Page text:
Jaycee Levin and Wesley Grantham, of Manhattan, eat at Tacoaway...

Jaycee Levin and Wesley Grantham, of Manhattan, eat at Tacoaway Beach in the Rockaways. Credit: Linda Rosier

We all have that distant cousin: The one who looks a little like us, lives an hour away and is always up to cool stuff, but whom we hardly ever see. For Long Island, Rockaway Beach is that cousin: Beachy like us, rich with adventure, and a relatively short drive away. We just somehow never get there because …. well, we have our own beaches, thank you.

Yet there are 101 reasons for Long Islanders to plan a day trip here.

The Rockaway peninsula, which juts between Jamaica Bay and the ocean just beyond Kennedy International Airport, holds a string of diverse neighborhoods that morph from bungalows to high-rises to desolate, wind-swept dunes. It’s impossible to see it all in a few hours — but this daylong tour will reveal this unique community’s flavors, colors and textures.

The Belt Parkway to the Cross Bay Bridge is the easiest way for Long Islanders to get here, though you can also slip in from the west end of Atlantic Beach or the Five Towns. So skip breakfast at home, cue up some Ramones and aim your car across Broad Channel and into the heart of Rockaway Beach. Or, if you prefer to leave the car at home, take a Long Island Rail Road train to Far Rockaway then catch a nearby Q22 bus to Rockaway Beach, or catch a ride-sharing service from the station.

Grab breakfast

A beach towel is our morning destination, but you’ll need supplies, and the east-west artery Rockaway Beach Boulevard is where most businesses cluster. Parking is a challenge on these stubby cross streets — if you find street parking early, hang onto it like gold and consider taking a bus or Uber around town. Alternatively, you could park in the commercial lot at Beach 108th Street, one of the only such lots in town, and bring your bike to get around.

For a pastry-driven breakfast, find the homey Rockaway Beach Bakery at Beach 87th Street, where the bakery case tempts with maple-blueberry financiers, apricot croissants and mango scones.

Hit the beach

Head west, young grasshopper. Well, at least as far west as Jacob Riis Park, a graceful beach about a 10-minute drive past the neighborhoods of Belle Harbor and Neponsit. The sweeping sand is peopled with a mellow mix of families and young beachgoers, many of whom have taken the ferry from the city. (Car parking is $20) 

Children play on the shoreline at Jacob Riis Park in...

Children play on the shoreline at Jacob Riis Park in the Rockaways, July 22, 2021. Credit: Linda Rosier

Named for the 19th-century photojournalist, Jacob Riis Park was unveiled in the 1930s and became known as both "the people’s beach" and a safe hangout for LGBTQ community. The surf looks gentle enough, but the beaches of the Rockaways are known for their strong currents — so be vigilant.

Browse local shops

If in a shopping mood, a few blocks away you’ll find chockablock dresses, bags and curios inside Zingara Vintage, run by Suffok County native Erin Silvers, who if she’s here bubbles over with local intel and tips.

Cheers with a cocktail

It’s 5 o’clock somewhere, especially here, and if you haven’t started drinking beer or "beach juice" at Rippers, you are probably two steps ahead (or behind) everyone around you. The drinks come at premium at Rockaway Beach Surf Club, which isn’t on the beach at all (it’s under the A Train) but feels like a psychedelic tropical shack. Its main draw is as the home of Tacoway Beach, the modern incarnation of cult-favorite food truck Rockaway Taco. The lush patio is a Gen-Z hangout, the fish tacos are unfussy and the plastic-cup margaritas…..well, you get the idea.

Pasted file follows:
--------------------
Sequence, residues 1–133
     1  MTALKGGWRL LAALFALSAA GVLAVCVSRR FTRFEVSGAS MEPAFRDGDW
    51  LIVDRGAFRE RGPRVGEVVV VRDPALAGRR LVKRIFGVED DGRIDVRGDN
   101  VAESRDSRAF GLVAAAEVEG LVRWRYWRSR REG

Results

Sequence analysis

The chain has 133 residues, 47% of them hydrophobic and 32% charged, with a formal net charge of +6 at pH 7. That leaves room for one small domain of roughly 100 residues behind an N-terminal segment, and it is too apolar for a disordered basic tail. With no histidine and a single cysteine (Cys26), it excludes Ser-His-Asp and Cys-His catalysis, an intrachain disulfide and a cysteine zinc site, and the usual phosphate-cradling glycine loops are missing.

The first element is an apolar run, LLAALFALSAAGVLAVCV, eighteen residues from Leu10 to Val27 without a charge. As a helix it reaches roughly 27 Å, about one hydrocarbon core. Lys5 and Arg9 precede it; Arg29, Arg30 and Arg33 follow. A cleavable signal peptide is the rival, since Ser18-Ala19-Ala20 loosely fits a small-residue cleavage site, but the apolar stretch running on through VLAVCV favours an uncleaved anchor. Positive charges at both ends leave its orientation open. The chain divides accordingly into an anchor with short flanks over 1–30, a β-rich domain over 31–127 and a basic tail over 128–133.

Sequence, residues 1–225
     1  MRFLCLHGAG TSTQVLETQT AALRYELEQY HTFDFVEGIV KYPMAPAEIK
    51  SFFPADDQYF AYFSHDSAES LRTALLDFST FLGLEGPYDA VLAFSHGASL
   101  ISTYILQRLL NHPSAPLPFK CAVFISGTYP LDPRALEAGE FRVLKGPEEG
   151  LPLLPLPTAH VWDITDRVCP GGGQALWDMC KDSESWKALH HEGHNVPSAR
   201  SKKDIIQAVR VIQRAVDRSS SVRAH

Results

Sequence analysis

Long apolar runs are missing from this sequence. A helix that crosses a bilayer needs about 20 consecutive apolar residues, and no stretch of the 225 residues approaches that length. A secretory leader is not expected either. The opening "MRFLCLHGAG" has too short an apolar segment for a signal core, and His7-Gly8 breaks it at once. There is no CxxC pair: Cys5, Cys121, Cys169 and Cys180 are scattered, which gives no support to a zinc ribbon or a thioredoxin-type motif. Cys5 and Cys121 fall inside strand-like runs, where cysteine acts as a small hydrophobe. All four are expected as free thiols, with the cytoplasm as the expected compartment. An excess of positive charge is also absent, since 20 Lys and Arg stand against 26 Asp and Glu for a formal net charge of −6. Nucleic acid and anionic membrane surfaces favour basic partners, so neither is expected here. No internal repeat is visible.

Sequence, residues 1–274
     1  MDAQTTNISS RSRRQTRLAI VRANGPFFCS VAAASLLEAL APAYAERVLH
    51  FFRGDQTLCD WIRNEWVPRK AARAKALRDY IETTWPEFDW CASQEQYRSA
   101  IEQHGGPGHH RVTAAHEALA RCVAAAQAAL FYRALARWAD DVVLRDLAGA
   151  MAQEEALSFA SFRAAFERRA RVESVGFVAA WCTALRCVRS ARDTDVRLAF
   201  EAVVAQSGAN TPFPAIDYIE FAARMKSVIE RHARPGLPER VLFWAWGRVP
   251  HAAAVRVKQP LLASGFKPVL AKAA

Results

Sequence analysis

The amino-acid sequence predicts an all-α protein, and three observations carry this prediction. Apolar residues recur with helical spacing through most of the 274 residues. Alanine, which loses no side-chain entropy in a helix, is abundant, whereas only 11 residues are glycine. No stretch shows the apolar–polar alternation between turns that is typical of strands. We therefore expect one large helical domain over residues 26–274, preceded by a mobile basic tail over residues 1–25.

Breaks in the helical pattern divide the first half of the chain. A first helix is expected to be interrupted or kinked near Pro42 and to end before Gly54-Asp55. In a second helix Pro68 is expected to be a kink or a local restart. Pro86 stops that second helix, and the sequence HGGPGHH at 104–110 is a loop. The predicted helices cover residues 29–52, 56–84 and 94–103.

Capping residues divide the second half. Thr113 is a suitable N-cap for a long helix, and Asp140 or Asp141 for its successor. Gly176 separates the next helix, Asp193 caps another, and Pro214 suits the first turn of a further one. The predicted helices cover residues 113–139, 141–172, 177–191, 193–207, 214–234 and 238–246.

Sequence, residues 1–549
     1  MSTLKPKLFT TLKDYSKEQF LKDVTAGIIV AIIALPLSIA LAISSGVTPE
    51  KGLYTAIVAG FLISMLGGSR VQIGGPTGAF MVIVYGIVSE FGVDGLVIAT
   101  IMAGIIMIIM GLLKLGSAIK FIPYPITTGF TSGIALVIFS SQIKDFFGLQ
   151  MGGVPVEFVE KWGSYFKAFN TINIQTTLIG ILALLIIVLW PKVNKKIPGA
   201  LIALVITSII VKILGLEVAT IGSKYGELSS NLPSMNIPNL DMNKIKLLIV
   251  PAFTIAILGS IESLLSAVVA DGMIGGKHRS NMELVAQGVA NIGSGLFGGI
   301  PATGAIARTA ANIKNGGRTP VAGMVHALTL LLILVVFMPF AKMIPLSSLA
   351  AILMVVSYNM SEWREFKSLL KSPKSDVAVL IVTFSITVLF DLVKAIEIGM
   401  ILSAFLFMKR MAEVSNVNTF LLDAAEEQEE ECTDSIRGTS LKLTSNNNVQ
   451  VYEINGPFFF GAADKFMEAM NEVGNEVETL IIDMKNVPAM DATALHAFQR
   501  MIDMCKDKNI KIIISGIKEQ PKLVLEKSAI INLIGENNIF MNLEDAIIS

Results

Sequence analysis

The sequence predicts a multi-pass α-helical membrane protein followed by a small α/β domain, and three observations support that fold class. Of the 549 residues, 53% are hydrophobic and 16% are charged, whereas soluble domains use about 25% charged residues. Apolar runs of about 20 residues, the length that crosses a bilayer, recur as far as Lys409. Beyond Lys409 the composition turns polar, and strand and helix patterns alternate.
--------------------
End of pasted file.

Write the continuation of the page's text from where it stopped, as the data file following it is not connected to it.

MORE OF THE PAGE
Farther east, the neighborhood of Arverne — a stretch of newish condos in the Beach 70s — harbors a quieter beach and a few solid hangouts, among them Rockaway Tiki Bar, where rum-heavy mai tais and "pain chillers" (a frozen painkiller) await, as do bar bites like crispy mushroom bao buns and togarashi-dusted fries. For a more traditional sit-down dinner, the shoulder-to-shoulder places along Rockaway Beach Boulevard boast ramen, Jamaican barbecue, and even an Uzbek place called Uma’s where you can fortify with plov (barberry-studded rice pilaf) or manti, aka steamed dumplings.

Have dinner and enjoy live music

The Rooftop bar overlooking Rockaway beach at the Rockaway Hotel,...

The Rooftop bar overlooking Rockaway beach at the Rockaway Hotel, July 24, 2021. Credit: Linda Rosier

At this point, you may be calling it a night. Yet this staycation is not complete without a view of Rockaway Beach at sunset and from on high. That would be on the sixth floor of the Rockaway Hotel.

The Tuna Crispy Rice platter at the Rooftop bar at...

The Tuna Crispy Rice platter at the Rooftop bar at the Rockaway Hotel, July 24, 2021. Credit: Linda Rosier

There are multiple nooks to play: A poolside bar and patio with cabanas, a ground-floor seafood restaurant called Margie’s, and The Rooftop, a pair of patios (one each overlooking the ocean and the bay) joined by a lazy, elegant bar. If you hang around long enough on a weekend night, there are DJs; and if evening turns to late night, rooms here start at $425 or so.

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